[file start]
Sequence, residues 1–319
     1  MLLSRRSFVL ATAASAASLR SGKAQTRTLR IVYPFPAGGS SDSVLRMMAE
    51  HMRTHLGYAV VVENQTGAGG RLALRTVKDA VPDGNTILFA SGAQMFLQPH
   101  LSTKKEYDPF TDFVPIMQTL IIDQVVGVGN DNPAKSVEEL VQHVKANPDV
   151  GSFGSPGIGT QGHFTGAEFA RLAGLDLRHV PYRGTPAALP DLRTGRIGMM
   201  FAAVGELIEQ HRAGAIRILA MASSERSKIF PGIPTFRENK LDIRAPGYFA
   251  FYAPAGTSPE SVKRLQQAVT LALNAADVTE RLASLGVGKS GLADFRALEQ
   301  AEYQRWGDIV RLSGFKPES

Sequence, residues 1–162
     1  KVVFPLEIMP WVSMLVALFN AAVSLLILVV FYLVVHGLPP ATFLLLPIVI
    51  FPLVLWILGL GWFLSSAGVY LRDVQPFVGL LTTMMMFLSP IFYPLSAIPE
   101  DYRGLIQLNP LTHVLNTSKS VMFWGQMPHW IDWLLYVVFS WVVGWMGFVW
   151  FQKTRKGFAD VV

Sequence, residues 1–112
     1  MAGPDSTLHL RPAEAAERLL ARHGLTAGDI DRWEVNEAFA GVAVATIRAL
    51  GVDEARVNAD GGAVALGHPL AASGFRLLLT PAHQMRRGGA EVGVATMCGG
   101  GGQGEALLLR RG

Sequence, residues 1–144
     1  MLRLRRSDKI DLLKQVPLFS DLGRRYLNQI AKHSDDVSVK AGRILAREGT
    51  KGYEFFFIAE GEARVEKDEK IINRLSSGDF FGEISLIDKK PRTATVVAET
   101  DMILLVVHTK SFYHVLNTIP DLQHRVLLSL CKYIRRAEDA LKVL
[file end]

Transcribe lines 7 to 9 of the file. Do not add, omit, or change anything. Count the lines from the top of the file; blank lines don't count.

   251  FYAPAGTSPE SVKRLQQAVT LALNAADVTE RLASLGVGKS GLADFRALEQ
   301  AEYQRWGDIV RLSGFKPES

Sequence, residues 1–162